Centre for Micro-Photonics

Inference in complex systems

The inference in complex systems research area develops new techniques to model high-dimensional data from different scientific domains.

The size and complexity of modern experimental observations has created a data-interpretation bottleneck in many areas of scientific research.

'Black-box’ machine learning techniques are often not appropriate for addressing research questions. These techniques emphasise prediction at the expense of interpretability and are difficult to apply to high-dimensional data with small sample sizes.

To address these problems, we design techniques with domain-specific constraints on symmetry and sparsity. This results in models that are more interpretable and suitable to scientific inquiry.

Our approach to research is:

  • experimental: addressing domain-specific research questions by developing interpretable models of high-dimensional data.
  • theoretical: exploring phase transitions in statistical inference and their consequences on information processing and decision-making.
  • educational: nurturing a new generation of researchers who can think about high-dimensional data and work with domain specialists across disciplines.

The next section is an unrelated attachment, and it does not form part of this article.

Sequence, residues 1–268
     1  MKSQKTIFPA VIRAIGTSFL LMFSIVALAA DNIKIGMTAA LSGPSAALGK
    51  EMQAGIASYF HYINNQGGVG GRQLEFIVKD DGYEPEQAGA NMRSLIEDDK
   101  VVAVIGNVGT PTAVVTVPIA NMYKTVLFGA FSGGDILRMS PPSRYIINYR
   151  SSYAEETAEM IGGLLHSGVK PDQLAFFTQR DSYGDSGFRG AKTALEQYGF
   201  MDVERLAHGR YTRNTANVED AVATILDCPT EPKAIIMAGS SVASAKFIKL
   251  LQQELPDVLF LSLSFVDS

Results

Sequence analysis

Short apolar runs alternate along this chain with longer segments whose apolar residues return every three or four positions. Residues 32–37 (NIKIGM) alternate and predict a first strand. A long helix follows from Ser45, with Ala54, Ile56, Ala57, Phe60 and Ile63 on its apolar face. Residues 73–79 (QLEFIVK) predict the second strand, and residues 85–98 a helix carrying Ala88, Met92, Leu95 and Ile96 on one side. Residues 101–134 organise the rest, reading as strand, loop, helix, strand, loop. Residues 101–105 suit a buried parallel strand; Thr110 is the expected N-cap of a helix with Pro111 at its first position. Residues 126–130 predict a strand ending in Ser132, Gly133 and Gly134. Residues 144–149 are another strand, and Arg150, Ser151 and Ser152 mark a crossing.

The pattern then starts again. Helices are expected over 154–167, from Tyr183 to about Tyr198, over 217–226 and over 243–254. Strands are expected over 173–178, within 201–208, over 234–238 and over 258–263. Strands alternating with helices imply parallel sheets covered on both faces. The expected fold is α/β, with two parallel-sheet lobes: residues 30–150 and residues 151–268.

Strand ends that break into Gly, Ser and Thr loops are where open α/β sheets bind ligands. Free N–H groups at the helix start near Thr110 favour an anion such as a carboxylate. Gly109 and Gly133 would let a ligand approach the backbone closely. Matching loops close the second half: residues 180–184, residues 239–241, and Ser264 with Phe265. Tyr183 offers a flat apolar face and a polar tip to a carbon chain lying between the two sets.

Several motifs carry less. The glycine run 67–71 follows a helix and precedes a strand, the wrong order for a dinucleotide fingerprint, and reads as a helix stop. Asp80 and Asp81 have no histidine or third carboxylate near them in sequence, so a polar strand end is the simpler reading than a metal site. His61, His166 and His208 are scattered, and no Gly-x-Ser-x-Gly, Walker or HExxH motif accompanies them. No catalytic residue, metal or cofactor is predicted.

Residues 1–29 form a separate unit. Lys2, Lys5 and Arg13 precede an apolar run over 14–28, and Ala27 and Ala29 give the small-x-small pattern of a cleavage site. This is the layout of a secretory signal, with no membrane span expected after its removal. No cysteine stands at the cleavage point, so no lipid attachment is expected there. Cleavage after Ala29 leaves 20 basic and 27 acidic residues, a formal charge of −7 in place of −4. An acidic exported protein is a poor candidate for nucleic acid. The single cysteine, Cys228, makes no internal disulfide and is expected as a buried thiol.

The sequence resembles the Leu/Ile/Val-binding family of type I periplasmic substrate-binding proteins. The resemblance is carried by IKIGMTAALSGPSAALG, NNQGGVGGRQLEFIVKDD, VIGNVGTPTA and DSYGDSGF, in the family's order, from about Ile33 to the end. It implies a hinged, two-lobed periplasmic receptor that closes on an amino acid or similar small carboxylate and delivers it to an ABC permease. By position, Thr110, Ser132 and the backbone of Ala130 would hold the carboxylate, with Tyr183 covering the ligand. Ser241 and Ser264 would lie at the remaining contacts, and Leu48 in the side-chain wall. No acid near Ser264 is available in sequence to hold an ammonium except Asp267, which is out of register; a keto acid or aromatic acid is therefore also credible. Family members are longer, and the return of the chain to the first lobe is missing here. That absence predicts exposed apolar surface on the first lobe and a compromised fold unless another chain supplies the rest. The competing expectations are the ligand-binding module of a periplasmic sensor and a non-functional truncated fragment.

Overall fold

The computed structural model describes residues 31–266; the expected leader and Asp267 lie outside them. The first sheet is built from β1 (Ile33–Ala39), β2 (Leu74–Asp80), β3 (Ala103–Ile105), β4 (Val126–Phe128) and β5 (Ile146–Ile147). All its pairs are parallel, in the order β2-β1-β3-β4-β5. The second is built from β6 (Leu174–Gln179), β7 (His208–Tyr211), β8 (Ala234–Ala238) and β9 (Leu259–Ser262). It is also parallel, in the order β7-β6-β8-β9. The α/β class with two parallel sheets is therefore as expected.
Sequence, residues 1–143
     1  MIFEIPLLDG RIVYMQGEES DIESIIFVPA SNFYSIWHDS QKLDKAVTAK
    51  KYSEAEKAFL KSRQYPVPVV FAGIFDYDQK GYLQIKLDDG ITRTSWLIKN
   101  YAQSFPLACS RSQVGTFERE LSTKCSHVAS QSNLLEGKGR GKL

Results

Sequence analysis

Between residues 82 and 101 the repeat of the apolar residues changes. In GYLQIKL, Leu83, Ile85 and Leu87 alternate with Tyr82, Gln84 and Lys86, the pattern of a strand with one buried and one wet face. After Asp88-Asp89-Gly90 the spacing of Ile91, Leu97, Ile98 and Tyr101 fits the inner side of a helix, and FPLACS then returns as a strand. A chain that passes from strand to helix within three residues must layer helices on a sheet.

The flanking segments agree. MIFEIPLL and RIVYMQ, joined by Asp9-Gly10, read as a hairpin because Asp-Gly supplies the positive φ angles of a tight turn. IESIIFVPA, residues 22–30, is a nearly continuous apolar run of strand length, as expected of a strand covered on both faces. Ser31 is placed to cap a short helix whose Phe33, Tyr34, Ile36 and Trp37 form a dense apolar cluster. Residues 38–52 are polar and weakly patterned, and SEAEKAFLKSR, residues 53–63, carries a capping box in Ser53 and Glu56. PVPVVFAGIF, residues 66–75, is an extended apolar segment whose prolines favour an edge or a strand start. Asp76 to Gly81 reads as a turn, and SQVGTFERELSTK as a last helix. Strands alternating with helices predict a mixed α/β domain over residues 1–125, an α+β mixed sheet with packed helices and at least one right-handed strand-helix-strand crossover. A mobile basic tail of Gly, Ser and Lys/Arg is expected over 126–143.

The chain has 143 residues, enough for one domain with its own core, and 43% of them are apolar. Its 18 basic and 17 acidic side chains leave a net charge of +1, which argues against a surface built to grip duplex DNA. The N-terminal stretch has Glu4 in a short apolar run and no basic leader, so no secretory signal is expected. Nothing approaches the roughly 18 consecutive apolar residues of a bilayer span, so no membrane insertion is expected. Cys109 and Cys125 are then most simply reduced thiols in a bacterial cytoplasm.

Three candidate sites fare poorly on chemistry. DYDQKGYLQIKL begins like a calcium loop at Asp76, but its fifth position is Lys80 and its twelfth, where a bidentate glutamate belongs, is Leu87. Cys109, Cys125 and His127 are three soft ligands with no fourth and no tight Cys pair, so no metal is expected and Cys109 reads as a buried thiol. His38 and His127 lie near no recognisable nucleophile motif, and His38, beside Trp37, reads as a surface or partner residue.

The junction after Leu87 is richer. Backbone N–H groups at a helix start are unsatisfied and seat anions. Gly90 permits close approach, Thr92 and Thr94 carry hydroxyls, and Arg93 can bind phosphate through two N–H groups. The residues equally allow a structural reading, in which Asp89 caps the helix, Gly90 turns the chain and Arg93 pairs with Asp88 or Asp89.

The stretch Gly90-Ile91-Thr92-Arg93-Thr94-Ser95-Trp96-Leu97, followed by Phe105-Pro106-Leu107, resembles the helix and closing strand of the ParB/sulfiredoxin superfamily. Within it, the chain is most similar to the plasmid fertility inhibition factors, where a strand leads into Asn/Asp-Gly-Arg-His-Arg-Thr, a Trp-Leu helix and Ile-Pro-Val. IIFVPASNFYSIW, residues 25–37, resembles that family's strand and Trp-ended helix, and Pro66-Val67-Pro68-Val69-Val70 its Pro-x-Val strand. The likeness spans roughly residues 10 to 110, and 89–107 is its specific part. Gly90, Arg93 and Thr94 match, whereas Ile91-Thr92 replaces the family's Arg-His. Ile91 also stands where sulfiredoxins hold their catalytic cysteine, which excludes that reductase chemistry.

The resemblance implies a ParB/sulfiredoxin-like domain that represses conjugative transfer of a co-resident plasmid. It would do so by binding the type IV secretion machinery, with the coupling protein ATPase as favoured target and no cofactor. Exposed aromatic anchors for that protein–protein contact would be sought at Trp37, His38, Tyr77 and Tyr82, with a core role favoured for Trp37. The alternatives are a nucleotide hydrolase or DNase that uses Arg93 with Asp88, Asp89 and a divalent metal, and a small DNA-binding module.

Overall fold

Current projects

Read about our current research projects.

Variation in cell lineages

This project explores ways to identify the key stages of development in a cell lineage where phenotypic noise is high. An inference technique has been designed that exploits the group symmetry of trees and can be applied to variation in any tree structure.

3D lineage tracking

This project involves developing an accurate and efficient way of extracting cell phenotypes and lineage relationships directly from high-resolution microscopy movies of proliferating cell populations.

Neurocortical model inference

This project involves parameter estimation in dynamical systems models. In particular, a mechanistic model of neurocortical activity is being used to detect physiologically-relevant predictors of an individual’s response to treatments such as anaesthesia.

Research staff

Area leader: Professor Damien Hicks